5 Things to Know Before Launching a Financial Wellness Program

We all know how important it is to save money for the future. We know how important it is to manage our finances today so that we have the resources we need to support ourselves tomorrow. It is with that understanding that growing numbers of employers are looking to launch financial wellness programs as a benefit to employees.

A typical financial wellness program focuses on things like budgeting, debt management, financial planning, and retirement planning. But needs obviously vary from one employee to the next. Thus, it's not good enough for an employer to latch onto a generic financial wellness program and hope for the best.

Financial wellness programs should be tailored to employee needs. Here are five things to know before launching a program:

 

1. Immediate Needs Are More Pressing

There is a temptation to focus all of our financial wellness energies on the future. We focus a lot on saving for retirement, for example. But a 2018 report looking at how U.S. workers view their finances reveals something interesting: employees tend to view their retirement plans as a short-term safety net rather than a long-term source of income.

Simply put, a fair number of American workers are not confident they will reach their retirement goals. As such, they see no reason to avoid using retirement savings to cover emergency cash shortfalls. That does not bode well for retirement saving. It also has obvious tax implications.

 

2. Employees Don't Know What to Do

Next, understand that talking about financial wellness is as meaningless to some employees as talking about colonizing Mars. They don't know what to do because they have never been trained in the area of financial management. Talking to them about a retirement that maybe 30 to 40 years away is fruitless. It is better to concentrate on more pressing matters like budgeting and debt retirement.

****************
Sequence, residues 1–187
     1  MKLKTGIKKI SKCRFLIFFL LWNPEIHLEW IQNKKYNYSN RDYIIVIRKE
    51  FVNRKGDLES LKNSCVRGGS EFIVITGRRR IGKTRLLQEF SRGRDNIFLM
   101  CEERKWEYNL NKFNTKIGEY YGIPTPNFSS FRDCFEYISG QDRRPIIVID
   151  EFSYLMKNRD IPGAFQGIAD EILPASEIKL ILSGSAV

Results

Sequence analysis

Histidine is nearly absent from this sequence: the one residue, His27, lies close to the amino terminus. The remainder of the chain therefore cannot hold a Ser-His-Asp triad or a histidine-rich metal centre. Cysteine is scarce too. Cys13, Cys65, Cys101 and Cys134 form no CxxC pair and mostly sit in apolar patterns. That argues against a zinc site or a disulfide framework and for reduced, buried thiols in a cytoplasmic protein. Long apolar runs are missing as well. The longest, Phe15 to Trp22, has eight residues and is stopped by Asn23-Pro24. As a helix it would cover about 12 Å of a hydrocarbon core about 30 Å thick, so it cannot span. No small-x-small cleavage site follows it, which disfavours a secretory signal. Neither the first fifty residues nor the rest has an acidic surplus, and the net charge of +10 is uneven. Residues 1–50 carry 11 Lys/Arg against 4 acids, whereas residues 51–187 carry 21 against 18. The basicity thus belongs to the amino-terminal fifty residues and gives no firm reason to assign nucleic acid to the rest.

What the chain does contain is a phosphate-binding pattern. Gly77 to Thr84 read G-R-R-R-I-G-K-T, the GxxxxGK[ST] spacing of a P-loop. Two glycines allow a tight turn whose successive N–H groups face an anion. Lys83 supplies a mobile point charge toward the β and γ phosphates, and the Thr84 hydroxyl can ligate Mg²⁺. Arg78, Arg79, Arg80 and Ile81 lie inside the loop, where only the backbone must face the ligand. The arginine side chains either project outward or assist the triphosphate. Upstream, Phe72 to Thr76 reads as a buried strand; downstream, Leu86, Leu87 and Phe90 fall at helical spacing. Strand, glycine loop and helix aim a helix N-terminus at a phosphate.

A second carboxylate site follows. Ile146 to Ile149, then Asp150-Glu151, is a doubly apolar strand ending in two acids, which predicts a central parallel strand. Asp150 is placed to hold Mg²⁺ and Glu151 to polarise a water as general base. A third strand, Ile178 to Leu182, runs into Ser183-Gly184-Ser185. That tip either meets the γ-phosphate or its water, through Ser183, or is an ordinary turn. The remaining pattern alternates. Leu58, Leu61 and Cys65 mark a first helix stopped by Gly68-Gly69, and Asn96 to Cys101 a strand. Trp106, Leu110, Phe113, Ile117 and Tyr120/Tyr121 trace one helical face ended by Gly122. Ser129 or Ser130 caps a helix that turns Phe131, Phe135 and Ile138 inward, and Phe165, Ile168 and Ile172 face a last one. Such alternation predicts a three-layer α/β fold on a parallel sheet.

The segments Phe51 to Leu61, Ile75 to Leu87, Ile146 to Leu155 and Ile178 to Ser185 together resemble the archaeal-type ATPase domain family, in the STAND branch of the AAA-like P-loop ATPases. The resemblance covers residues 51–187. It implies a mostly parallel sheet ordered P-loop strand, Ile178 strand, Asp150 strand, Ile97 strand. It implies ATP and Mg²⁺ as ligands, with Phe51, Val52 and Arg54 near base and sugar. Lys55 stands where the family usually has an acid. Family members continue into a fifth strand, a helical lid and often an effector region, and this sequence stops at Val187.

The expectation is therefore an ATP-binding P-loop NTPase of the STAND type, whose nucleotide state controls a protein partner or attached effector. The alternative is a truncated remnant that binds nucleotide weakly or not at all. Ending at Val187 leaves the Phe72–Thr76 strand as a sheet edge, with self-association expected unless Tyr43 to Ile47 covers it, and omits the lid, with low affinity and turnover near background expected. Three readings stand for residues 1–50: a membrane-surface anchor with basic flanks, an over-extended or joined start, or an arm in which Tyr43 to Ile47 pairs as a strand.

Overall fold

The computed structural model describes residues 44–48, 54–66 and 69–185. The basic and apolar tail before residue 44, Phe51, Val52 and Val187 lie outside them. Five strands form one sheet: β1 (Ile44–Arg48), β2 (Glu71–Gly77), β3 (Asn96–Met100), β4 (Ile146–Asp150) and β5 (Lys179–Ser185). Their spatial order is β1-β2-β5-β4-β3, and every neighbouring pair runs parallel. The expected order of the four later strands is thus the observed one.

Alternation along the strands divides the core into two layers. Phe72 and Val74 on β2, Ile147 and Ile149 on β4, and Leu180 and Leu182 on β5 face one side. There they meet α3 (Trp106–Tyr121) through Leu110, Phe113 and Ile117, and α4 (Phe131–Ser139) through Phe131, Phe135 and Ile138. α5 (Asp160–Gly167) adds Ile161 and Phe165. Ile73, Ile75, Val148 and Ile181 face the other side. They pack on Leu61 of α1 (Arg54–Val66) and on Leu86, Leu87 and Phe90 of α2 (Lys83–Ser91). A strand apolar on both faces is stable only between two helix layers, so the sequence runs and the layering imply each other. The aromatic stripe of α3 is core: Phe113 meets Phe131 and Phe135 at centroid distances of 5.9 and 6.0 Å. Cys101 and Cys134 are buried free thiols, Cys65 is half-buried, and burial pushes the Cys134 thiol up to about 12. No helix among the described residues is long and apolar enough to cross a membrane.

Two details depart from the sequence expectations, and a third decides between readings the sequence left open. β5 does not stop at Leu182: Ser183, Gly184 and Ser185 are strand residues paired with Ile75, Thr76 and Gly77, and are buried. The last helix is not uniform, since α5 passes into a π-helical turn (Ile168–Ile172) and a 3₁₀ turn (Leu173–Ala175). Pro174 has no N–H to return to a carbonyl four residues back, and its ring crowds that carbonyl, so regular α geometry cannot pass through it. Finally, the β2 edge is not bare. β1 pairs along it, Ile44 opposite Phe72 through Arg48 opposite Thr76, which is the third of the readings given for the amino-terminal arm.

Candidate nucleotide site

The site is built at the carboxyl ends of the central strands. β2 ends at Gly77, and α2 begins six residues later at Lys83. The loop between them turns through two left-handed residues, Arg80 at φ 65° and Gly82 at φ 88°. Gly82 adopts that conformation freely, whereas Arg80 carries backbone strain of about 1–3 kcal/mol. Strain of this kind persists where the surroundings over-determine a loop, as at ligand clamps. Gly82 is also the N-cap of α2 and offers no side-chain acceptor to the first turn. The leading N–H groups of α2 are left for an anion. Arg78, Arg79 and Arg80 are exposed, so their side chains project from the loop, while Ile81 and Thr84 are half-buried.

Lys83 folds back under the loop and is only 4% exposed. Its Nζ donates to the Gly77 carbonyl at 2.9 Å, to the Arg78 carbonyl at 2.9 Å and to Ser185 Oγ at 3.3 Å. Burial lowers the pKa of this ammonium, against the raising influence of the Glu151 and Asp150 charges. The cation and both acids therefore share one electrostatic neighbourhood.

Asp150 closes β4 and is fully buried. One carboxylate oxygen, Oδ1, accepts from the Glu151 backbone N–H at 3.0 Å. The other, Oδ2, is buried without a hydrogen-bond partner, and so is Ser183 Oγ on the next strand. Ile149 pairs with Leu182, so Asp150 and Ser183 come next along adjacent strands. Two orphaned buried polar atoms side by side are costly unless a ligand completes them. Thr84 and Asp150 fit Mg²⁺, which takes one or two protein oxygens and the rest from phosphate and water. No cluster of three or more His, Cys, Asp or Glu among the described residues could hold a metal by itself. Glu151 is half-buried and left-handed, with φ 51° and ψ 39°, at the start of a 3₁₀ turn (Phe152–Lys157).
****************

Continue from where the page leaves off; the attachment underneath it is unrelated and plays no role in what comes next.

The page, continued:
3. Health Coverage is Still Important

We tend to think of financial wellness only in terms of money. As such, we talk about things like pay raises and savings accounts. But it turns out that as much as 20% of all U.S. adults would rather have health insurance than a pay raise. When you consider how much the standard doctor's office visit costs these days, that number is not so shocking.

 

4. The Consumer Mentality is a Problem

One of the biggest reasons financial wellness programs are even a thing is the fact that we live in a society fully invested in the consumer mentality. The consumer mentality is one that says a person should satisfy all of his/her desires as soon as they arise. It is the same mentality that causes people to max out their credit cards and take out mortgages they have no business applying for.

No amount of financial wellness counseling is going to help an employee get his or her finances under control if it is not coupled with a concerted effort to break the consumer mentality. People in dire need of financial wellness are also in dire need of learning how to live within their means.

 

5. Mitigating Stress is a Big Incentive

Finally, the previously mentioned report reveals that many people define financial wellness as a lack of financial stress. Whether or not you agree is less important than the fact that people actually think in those terms. The selling point here is that financial stress can be used to illustrate what needs to be done to achieve financial wellness. That stress can be a big motivator to getting one's finances back on track.

 

Sources:

  1. PWC – https://www.pwc.com/us/en/industries/private-company-services/library/fi...
  2. Integrity Data – https://www.integrity-data.com/5-key-employee-financial-wellness-statist...